Directory.SetCreationTime(directoryPath, 
                                      directoryTime); 
        Directory.SetLastWriteTime(directoryPath, 
                                      directoryTime); 
        Directory.SetLastAccessTime(directoryPath, 
                                      directoryTime); 
    }

Visual Basic .NET

    Dim directoryPath As String = "C:\MyPath" 
    If Directory.Exists(directoryPath) Then 
        ' Select the time for the directory
        Dim directoryTime As DateTime = DateTime.Now 
        Directory.SetCreationTime(directoryPath, 
                                         directoryTime) 
        Directory.SetLastWriteTime(directoryPath, 
                                         directoryTime) 
        Directory.SetLastAccessTime(directoryPath, 
                                         directoryTime) 
    End If

Recursive function for setting the file DateTime

With the following function you can set the date and time of all the files and sub-directories within a given directory. The function takes a string that is the full path to a directory. It does not check whether this path represents a valid directory. It also takes a DateTime object. This is the date and time you wish to set for all the files and directories.

Visual C#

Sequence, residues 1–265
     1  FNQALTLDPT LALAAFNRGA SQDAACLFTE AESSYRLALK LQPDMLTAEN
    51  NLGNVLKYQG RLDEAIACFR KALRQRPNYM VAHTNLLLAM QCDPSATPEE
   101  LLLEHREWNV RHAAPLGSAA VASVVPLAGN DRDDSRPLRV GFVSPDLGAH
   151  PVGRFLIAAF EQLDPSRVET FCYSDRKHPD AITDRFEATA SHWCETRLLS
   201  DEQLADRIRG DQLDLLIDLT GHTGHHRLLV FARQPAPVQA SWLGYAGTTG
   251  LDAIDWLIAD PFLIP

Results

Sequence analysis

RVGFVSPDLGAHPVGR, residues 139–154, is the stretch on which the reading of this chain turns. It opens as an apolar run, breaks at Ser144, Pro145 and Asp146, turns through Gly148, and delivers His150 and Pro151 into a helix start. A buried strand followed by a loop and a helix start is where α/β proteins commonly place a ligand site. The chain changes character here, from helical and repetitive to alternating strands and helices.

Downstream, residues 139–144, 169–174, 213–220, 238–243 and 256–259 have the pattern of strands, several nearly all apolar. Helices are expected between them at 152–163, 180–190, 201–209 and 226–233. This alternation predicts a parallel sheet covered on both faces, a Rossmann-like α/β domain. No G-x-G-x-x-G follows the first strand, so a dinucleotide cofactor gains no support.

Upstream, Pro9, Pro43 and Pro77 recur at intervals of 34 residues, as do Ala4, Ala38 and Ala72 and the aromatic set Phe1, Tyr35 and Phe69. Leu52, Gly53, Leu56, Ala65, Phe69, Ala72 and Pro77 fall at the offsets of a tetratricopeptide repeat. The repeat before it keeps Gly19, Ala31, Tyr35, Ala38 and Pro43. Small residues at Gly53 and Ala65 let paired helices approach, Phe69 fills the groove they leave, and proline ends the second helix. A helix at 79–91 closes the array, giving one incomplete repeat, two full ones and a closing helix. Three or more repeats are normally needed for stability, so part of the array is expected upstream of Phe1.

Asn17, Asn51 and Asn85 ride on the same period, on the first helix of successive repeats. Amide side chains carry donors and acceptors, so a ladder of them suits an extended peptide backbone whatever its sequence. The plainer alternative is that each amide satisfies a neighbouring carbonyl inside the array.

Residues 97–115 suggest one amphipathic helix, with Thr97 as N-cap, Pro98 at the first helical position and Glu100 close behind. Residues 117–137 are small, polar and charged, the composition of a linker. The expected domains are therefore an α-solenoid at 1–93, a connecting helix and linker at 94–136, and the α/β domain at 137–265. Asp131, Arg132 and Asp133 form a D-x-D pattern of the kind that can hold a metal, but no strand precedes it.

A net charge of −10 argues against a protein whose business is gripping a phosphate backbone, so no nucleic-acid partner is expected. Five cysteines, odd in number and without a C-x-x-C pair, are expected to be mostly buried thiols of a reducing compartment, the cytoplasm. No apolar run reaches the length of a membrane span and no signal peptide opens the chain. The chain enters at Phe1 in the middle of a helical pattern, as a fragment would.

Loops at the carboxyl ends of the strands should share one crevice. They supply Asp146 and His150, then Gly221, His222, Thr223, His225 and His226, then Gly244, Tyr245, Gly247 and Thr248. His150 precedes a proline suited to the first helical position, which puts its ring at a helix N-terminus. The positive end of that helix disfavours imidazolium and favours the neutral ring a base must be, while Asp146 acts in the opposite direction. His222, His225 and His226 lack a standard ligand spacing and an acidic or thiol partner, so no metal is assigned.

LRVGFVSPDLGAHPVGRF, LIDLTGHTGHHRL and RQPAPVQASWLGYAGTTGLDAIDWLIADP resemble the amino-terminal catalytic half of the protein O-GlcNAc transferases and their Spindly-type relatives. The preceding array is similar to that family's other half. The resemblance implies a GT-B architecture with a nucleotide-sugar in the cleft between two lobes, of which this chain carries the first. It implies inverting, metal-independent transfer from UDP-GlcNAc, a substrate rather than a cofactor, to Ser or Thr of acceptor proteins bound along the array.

private void RecurseFileTime(string DirectoryPath, 
                                     DateTime FileTime) 
    { 
        // Set the date/time for each sub directory
        foreach (string subDirectory in 
                    Directory.GetDirectories(DirectoryPath)) 
        { 
            // Loop through each sub-sub directory
            RecurseFileTime(subDirectory, FileTime); 

            // Set the date/time for the sub directory
            Directory.SetCreationTime(subDirectory, 
                                              FileTime); 
            Directory.SetLastWriteTime(subDirectory, 
                                              FileTime); 
            Directory.SetLastAccessTime(subDirectory, 
                                              FileTime); 
        } 
        // Set the date/time for each file
        foreach (string fileName in 
                      Directory.GetFiles(DirectoryPath)) 
        { 
            File.SetCreationTime(fileName, FileTime); 
            File.SetLastWriteTime(fileName, FileTime); 
            File.SetLastAccessTime(fileName, FileTime); 
        } 
    }

Visual Basic .NET

    Private Sub RecurseFileTime(ByVal DirectoryPath As String, 
                                    ByVal FileTime As DateTime)